BEIJING — Chinese investors holding a stock for more than one year will be exempted from a 5-percent dividend tax from Sept 8, authorities said.
Those who have held a stock for one month or less will have to pay 20 percent of the dividend they receive as income tax when they sell the stock, the Ministry of Finance said Sept 7 in a statement jointly released with the country’s taxation authority and the securities regulator.
People who have held a stock for over one month to one year will have to pay a 10 percent dividend tax when they sell the stock, the statement said.
This move is part of the government’s efforts to promote long-term investment following a stock market rout since mid-June.
The Shanghai Composite has plunged more than 40 percent from a peak seen on June 12.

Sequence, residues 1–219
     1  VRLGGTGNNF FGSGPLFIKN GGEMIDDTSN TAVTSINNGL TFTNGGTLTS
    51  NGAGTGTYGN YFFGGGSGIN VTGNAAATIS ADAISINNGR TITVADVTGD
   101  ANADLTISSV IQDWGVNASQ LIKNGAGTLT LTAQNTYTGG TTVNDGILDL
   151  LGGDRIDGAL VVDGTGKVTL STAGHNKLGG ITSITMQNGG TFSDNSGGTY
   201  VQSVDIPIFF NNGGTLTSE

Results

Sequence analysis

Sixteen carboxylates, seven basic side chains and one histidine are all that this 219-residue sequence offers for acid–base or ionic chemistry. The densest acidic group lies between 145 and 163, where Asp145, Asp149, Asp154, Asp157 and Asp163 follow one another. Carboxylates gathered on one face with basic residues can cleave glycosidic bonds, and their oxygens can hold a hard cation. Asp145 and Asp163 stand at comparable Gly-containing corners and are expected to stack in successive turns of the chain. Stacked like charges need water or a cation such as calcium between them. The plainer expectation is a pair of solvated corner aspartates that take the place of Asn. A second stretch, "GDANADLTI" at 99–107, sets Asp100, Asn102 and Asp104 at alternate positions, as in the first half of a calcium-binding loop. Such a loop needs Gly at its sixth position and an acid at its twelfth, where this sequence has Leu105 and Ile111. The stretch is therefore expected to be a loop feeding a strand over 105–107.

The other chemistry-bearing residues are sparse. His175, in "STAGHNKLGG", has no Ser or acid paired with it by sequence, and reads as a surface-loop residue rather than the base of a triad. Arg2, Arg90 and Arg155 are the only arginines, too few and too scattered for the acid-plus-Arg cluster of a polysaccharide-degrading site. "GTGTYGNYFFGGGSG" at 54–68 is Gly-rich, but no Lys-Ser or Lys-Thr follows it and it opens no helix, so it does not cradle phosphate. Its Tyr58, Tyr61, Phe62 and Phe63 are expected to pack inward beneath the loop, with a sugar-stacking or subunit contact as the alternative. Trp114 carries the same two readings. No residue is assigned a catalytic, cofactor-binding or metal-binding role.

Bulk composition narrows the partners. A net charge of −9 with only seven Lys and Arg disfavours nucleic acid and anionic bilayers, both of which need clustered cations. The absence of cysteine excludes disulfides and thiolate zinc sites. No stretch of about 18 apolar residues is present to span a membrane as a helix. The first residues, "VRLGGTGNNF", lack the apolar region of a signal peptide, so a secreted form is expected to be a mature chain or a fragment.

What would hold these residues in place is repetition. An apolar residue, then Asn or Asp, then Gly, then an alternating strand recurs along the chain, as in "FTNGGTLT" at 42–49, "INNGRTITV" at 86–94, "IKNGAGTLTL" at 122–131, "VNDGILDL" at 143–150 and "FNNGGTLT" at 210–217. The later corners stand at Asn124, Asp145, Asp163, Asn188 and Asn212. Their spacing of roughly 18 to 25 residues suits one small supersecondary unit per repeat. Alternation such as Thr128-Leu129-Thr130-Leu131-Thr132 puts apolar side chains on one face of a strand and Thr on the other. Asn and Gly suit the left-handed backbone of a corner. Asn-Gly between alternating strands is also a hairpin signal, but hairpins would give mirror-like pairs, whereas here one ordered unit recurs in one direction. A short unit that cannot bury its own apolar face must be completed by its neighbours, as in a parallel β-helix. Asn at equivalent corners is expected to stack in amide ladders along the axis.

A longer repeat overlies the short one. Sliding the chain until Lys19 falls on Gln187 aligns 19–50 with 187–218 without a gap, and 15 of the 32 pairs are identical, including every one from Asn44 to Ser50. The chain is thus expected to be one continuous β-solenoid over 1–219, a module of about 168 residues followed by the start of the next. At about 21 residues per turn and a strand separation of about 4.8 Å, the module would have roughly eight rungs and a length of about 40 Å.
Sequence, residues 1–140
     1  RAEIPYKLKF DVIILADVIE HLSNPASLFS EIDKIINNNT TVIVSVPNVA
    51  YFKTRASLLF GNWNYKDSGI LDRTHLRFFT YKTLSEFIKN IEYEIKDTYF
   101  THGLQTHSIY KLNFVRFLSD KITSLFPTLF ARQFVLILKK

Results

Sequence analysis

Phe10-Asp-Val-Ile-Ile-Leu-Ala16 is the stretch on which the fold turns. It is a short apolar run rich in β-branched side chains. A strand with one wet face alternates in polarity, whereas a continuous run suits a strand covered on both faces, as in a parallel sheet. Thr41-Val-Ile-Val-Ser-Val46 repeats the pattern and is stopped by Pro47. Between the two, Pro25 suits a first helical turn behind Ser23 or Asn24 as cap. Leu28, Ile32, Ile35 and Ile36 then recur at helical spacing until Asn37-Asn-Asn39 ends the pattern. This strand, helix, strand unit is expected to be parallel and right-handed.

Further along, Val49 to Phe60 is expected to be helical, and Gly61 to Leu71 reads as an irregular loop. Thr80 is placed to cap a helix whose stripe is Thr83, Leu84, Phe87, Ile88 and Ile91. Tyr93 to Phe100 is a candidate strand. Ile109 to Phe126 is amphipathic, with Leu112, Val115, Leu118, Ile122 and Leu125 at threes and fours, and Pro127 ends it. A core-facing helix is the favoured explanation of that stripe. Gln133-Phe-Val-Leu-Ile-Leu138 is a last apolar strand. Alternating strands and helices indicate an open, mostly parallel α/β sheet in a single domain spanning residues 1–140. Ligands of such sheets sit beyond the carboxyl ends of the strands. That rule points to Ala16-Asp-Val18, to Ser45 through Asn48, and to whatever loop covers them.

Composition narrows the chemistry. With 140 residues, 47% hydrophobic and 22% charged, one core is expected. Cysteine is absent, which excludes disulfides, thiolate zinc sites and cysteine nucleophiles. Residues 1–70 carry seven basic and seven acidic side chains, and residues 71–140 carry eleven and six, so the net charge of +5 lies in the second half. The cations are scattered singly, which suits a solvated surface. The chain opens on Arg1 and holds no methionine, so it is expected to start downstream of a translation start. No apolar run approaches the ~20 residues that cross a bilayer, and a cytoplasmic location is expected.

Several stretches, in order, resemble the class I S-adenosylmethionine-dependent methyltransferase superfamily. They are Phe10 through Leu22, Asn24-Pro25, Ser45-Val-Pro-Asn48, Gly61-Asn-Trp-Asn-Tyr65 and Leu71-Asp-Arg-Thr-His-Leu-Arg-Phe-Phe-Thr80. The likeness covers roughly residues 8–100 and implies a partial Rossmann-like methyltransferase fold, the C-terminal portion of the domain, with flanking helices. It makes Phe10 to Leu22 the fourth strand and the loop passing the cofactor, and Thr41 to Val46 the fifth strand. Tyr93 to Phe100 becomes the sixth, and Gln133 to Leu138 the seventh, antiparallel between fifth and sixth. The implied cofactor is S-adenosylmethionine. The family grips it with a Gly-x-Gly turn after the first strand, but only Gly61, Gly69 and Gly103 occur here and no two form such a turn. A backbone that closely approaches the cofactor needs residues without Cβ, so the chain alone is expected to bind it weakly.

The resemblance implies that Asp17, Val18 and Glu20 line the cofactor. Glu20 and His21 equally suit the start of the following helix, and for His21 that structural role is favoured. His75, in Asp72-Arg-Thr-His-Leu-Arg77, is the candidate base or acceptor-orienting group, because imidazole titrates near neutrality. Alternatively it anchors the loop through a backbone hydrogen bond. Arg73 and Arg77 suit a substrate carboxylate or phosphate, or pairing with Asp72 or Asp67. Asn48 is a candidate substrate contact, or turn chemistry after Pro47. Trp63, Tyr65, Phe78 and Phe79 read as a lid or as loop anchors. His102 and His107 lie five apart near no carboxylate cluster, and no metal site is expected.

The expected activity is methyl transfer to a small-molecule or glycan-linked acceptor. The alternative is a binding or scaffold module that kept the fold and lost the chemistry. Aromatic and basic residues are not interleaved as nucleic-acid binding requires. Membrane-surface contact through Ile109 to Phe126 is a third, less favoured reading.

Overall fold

The benchmark Shanghai index slid 2.5 percent as stocks retreated on Sept 7 after the government announced its plan to introduce the circuit-breaker mechanism intended to reduce extreme market volatility.
The Composite Index closed at 3,080.42, down 79.75 points, after swinging as much as 151.28 points, while the Shenzhen Component Index edged down 0.6 percent to close at 9,991.76.
The securities watchdog announced on the evening of Sept 6 that it is drafting a plan to implement the circuit-breaker mechanism, where stock exchanges would temporarily halt trading to avert panic selling after the stock index has fallen a certain percentage.